Villars is to the East and North of Montreux. The ski resort lies on a South facing mountain shelf with open views of the Alps from sunrise to sunset. In fine weather there is crystal clear light, and the mountains seemingly close enough to touch despite being across a valley some kilometres wide.
Above, to the North, and reached by a long cable car ride, are endless ski fields, woods and walks. In summer the trails, the pistes are full of helmeted mountain bikers clanking noisily away. One wonders if they have a terrible tinnitus.
Mountain bikers are a dreadful hazard to walkers as they appear silently behind you, have no warning bells, unlike cattle, and casual contact with them at full tilt would inflict painful injury. Are there annual fatality and serious injury statistics? In Switzerland, if cattle stray into your garden, the police officer you telephone asks you to describe their breed which requires observation, study, and identification skills.
If frightened or struck by a biker, could one identify him or her from their rapidly retreating and unnumbered bottoms? Male or female, probably.
But little more as they move so fast. They peddle with such doggedness that it seems unlikely that unless knocked off their mounts, they would actually be aware of a collision.
It is too late for Alpine flowers, but in Spring gentian, orchids, campanulas, and much else. Hares, foxes, chamois, roe deer, and more are said to abound but hide in hot weather. Their prints can be clearly be seen in muddy spots by the paths. A feature of these paths are simple but cleverly made ramps of welded ferro concrete rods for bicycles to cross fences where they replace conventional cattle grids.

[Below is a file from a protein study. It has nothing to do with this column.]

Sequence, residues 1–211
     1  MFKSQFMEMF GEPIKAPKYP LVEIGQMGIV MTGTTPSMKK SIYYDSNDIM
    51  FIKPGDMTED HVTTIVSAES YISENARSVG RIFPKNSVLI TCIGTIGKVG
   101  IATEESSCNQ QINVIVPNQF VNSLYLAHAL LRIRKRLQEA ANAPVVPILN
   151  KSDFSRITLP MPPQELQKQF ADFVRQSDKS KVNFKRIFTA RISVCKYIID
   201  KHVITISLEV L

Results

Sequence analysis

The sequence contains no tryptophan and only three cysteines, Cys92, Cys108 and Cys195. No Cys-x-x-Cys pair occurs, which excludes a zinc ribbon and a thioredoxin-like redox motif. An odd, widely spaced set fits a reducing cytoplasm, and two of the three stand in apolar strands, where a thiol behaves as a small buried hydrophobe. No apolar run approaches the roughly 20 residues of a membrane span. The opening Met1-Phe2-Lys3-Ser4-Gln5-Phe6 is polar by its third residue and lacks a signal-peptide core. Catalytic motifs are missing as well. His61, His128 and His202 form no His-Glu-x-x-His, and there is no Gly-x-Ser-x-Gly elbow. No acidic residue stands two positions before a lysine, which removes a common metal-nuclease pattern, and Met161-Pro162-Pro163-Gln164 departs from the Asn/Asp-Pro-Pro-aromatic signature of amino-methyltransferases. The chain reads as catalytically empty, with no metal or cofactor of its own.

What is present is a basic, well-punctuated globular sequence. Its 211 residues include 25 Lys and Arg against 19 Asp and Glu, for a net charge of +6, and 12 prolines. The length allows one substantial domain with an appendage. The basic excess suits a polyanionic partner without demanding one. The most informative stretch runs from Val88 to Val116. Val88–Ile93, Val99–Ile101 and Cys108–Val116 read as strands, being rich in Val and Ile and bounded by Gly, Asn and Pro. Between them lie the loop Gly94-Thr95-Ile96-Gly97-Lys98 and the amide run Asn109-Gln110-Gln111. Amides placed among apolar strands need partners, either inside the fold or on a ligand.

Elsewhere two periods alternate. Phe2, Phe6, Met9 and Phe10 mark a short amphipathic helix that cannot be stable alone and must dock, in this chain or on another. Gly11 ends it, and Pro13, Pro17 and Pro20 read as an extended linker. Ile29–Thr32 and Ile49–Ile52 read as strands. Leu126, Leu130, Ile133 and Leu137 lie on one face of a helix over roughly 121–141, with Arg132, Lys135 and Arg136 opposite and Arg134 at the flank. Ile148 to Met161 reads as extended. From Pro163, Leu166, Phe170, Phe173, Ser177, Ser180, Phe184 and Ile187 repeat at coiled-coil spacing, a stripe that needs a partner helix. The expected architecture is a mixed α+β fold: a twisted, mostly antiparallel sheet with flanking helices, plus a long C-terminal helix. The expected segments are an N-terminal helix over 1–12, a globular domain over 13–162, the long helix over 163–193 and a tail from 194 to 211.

The huge ski domain has well marked pistes, several chair and other lifts, and, happily, a few well placed and well managed alpage bistrots which provide very traditional dried meat, local cheese, and other welcome but savagely priced refreshments.
Local wines, less than CHF10 a bottle at the grocer are cranked up by factors of four and even five times which is not a plus for Swiss tourism.
As so often in the mountains in summer, clouds move in rapidly, as today, thunder rumbles, the view is obscured, and the rain sheets down. But the smile is quickly back, all is forgiven, and the uplifting mountains work their magic again before dusk.
And tomorrow, to the narrow dramatic Diablerets valley.
Then to open and less dramatic Chateau d'Oex, once the home of David Niven.
One wonders how this most imperturbable of les Vrai Anglais would have coped with the biker infestation.